Why Was Philando Castle Shot? Because The Cop Had A Gun.

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So it turns out that the cop who shot and killed Philando Castle during a traffic stop in a Minneapolis suburb not only received 23 hours of training on active shooters, use of force and de-escalation methods, but also recently completed a private course called ‘Bulletproof Warrior,’ run by a for-profit outfit called Calibre Press.  So if nothing else, we can say that Officer Yanez, now in the middle of the shooting controversy following an on-scene video that went viral, has spent some time learning what to do with his gun.

 

             Jeff Cooper

Jeff Cooper

Unfortunately, the average cop probably doesn’t receive sufficient training in how to determine whether an incident in which he or she is involved may require the use of lethal force.  And police often encounter individuals whose behavior doesn’t necessarily indicate that the officer is placing himself in harm’s way until it’s too late.  So in every, single case where a cop might need to use lethal force, there’s always an element of personal judgement and on-the-job experience that comes into play.

Which is why I found the news of Officer Yanez’s attendance at a ‘Bulletproof Warrior’ seminar both interesting and disturbing; interesting because there has been a growth in companies that promote all kinds of lethal-force training, officially sanctioned or not, and disturbing because this type of training goes hand-in-hand with the extent to which Americans are fed a daily diet about the alleged increase in lawlessness and violence against which they need to be more vigilant and more prepared, meaning – walk around with a gun.

The idea that the world is a dangerous, threatening place didn’t first crop up after the Twin Towers were attacked.  In fact, it was the theme song of one of Gun-nut Nation’s most venerable icons, a World War II veteran and former Marine named Jeff Cooper, who opened a commercial shooting range where he taught close-combat and self-defense methods called the Gunsite Academy in 1976.  Cooper also wrote prodigiously for gun publications and published a whole pile of books, including his most famous tome, Principles of Personal Defense, which became something of a mini-best seller in Gun-nut Land, and is still quoted today, even if the folks who quote the book don’t realize that what they are saying is what Cooper said decades ago.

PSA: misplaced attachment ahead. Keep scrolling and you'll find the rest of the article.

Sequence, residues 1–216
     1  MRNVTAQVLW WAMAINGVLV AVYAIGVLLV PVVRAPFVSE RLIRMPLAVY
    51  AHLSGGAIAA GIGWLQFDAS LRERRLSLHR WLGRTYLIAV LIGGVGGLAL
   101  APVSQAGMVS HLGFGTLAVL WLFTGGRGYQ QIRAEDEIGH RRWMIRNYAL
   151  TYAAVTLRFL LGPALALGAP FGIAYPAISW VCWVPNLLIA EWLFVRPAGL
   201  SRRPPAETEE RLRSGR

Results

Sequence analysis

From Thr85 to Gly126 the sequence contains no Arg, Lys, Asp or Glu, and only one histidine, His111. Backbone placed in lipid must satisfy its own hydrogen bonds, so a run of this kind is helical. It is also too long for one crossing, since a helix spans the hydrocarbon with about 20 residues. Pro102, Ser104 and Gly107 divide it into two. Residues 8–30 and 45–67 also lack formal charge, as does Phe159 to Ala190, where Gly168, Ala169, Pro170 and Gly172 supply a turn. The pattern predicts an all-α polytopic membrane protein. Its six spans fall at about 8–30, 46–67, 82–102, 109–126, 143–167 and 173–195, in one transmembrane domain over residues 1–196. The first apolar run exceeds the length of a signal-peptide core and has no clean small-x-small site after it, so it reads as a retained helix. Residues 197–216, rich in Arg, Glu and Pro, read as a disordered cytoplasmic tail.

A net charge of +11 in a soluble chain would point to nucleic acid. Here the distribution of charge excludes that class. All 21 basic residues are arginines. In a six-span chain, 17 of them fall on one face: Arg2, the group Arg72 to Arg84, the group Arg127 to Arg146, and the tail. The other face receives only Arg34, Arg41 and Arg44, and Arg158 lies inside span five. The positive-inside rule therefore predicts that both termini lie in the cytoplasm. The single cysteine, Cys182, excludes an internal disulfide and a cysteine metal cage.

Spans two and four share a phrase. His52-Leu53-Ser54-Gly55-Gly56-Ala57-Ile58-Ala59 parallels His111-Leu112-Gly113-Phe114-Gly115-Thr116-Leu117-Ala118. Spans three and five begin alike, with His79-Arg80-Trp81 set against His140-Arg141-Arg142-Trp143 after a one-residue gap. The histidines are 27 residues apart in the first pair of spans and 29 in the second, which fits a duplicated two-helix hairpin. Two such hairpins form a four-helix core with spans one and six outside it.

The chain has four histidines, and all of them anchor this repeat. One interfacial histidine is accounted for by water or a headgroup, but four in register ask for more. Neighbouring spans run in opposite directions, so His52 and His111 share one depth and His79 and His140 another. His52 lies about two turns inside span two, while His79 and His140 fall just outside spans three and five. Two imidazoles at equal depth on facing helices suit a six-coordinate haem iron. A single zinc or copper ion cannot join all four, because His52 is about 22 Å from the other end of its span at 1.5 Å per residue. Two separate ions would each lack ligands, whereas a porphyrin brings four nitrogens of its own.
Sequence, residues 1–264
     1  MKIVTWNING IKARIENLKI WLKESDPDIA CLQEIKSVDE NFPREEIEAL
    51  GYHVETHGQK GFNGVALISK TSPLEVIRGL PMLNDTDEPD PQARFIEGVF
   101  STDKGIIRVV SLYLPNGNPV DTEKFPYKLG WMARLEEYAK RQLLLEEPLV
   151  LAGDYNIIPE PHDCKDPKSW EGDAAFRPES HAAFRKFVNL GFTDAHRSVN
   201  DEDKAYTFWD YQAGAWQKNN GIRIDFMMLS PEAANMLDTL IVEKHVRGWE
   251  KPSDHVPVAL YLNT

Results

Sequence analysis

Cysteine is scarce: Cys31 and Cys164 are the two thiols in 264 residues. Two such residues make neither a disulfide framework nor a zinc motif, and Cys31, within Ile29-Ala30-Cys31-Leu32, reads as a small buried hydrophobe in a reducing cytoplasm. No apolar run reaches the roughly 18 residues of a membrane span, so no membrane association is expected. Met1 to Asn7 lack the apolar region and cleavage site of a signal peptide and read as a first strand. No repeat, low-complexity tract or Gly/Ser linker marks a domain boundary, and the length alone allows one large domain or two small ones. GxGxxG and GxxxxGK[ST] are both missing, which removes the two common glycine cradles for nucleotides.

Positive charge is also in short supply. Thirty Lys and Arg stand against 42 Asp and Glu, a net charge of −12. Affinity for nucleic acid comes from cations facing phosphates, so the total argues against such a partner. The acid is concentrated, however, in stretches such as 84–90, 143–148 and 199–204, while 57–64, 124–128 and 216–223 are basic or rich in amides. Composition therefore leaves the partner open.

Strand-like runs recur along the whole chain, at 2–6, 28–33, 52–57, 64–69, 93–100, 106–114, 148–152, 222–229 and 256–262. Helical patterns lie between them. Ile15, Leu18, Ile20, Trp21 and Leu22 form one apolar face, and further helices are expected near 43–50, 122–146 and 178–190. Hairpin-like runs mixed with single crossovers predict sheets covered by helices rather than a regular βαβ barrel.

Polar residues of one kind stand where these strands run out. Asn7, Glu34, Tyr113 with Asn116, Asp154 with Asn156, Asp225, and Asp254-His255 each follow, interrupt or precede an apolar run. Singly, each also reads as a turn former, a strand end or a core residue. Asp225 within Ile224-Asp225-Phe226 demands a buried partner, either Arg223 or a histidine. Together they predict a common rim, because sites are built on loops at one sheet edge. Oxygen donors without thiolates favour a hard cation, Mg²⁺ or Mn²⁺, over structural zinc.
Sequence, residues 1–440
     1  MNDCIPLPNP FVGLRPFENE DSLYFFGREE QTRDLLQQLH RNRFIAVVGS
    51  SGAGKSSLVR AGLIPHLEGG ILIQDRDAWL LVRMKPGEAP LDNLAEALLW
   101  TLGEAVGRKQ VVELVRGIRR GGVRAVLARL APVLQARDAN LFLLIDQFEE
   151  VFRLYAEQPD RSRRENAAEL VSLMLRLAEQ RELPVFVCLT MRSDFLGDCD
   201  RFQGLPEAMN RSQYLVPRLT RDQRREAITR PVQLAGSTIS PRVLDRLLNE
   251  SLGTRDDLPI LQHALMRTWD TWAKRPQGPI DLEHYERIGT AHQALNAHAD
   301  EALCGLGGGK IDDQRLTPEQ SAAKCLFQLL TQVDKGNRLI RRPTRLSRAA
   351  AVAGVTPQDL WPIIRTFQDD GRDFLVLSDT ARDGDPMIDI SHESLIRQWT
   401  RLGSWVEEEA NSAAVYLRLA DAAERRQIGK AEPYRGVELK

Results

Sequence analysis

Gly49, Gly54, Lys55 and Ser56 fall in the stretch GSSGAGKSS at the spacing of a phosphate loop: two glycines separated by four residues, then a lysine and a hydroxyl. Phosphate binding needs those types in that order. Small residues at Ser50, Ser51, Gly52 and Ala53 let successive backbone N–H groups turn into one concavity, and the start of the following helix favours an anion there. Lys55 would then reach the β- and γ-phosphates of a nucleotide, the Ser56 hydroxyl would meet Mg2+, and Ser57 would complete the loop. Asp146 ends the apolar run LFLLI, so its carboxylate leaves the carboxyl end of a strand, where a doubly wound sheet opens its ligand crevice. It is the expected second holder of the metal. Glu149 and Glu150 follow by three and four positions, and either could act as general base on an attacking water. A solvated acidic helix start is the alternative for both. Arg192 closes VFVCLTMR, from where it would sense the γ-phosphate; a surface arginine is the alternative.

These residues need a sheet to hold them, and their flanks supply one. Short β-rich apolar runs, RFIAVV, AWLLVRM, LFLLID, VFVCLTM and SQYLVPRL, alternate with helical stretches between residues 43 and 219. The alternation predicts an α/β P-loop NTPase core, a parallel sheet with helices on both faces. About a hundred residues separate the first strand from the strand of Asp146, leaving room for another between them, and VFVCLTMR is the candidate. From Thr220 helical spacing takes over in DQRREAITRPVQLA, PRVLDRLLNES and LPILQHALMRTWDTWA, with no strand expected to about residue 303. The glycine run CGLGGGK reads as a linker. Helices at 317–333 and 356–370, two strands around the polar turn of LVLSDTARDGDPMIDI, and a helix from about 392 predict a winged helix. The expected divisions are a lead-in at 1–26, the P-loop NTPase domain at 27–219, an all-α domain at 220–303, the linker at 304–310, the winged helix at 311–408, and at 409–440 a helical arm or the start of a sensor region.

Cooper’s success was a perfect example of being in the right place at the right time, because it was in the late 1970s that the NRA adopted a much more combative stance, began promoting concealed-carry as an expression of 2nd-Amendment rights, and wrapped the whole argument around the notion that without an armed citizenry, violent crime would spiral out of control.  To further the idea that a personally-carried weapon was the only true defense against a world filled with predators and thugs, Cooper developed a color code ranging from “condition white” to “condition red,” the former being a state in which an individual is totally unprepared for an attack, the latter being the point at which a lethal response is in the process of being made.

This may sound like nothing more than fantasies now scripted into video games, but there appear to be lots of folks walking around who are willing to engage in lethal-force combat games at Thunder Ranch, or join a clever web marketing promotion like United States Concealed Carry Association, or take a course in lethal defense from companies like Calibre Press. And what all three have in common is the idea that we are always on the verge of being victims of violent crime, and that the only valid response is to protect ourselves and others with a gun.

Let’s forget that violent crime continues to decline.  Let’s forget that the number of times that guns are used to prevent crimes is too small to be found.  Let’s remember how we felt when we were given our first toy gun.  And let’s remember how we feel now that the toys are real.